A joint Fermilab/SLAC publication
Header: You keep using that physics word
Illustration by Sandbox Studio, Chicago with Corinne Mucha

You keep using that physics word

09/27/16

I do not think it means what you think it means.

Physics can often seem inconceivable. It’s a field of strange concepts and special terms. Language often fails to capture what’s really going on within the math and theories. And to make things even more complicated, physics has repurposed a number of familiar English words. 

Much like Americans in England, folks from beyond the realm of physics may enter to find themselves in a dream within a dream, surrounded by a sea of words that sound familiar but are still somehow completely foreign. 

Not to worry! Symmetry is here to help guide you with this list of words that acquire a new meaning when spoken by physicists.

Inline 1: You keep using that physics word
Illustration by Sandbox Studio, Chicago with Corinne Mucha

Quench

The physics version of quench has nothing to do with Gatorade products or slaking thirst. Instead, a quench is what happens when superconducting materials lose their ability to superconduct (or carry electricity with no resistance). During a quench, the electric current heats up the superconducting wire and the liquid coolant meant to keep the wire at its cool, superconducting temperature warms and turns into a gas that escapes through vents. Quenches are fairly common and an important part of training magnets that will focus and guide beams through particle accelerators. They also take place in superconducting accelerating cavities.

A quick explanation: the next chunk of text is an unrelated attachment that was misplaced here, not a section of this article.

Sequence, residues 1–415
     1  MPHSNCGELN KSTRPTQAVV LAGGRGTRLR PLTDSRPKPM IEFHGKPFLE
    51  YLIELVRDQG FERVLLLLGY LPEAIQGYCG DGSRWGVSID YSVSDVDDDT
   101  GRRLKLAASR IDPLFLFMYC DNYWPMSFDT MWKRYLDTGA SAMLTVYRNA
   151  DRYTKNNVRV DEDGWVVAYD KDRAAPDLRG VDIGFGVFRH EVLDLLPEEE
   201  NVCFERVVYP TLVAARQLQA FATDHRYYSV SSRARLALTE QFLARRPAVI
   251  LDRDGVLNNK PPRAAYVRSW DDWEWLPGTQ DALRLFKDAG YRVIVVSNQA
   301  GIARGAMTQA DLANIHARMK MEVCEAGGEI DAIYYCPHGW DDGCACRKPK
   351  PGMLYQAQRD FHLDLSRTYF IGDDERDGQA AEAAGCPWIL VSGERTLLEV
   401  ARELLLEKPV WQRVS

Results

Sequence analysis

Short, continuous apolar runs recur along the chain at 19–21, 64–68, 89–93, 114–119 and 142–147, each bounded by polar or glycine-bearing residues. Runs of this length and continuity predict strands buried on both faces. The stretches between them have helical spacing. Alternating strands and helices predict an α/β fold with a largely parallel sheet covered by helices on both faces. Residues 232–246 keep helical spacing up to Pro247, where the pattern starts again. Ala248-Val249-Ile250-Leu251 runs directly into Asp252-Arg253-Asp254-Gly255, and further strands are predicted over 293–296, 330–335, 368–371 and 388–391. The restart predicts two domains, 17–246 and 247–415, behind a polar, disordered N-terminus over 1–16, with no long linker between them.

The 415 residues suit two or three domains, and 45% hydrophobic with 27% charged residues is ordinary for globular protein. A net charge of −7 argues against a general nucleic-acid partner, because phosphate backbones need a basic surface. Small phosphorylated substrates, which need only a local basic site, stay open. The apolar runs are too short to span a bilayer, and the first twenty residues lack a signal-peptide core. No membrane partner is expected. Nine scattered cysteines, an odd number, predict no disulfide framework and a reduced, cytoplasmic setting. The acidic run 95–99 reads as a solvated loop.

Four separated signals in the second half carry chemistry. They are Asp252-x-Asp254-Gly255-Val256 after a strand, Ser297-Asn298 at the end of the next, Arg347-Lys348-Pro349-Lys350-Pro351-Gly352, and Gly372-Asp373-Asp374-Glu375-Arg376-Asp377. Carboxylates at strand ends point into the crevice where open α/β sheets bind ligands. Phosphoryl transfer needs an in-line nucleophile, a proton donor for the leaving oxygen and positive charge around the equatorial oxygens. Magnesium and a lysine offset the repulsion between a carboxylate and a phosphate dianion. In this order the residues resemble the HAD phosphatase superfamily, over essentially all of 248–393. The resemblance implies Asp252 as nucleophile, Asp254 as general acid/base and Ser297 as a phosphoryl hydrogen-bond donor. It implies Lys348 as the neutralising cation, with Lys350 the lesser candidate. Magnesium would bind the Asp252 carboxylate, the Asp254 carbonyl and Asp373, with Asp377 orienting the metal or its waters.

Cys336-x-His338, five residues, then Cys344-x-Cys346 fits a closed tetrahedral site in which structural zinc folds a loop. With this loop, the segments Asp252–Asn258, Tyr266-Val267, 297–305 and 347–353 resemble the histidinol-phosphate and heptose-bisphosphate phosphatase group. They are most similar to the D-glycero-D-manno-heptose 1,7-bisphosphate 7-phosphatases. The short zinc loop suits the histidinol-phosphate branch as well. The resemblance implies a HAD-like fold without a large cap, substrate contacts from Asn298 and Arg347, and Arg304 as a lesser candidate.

Inline 2: You keep using that physics word
Illustration by Sandbox Studio, Chicago with Corinne Mucha

Cannibalism, strangulation and suffocation

These gruesome words take on a new, slightly kinder meaning in astrophysics lingo. They are different ways that a galaxy's shape or star formation rate can be changed when it is in a crowded environment such as a galaxy cluster. Galactic cannibalism, for example, is what happens when a large galaxy merges with a companion galaxy through gravity, resulting in a larger galaxy.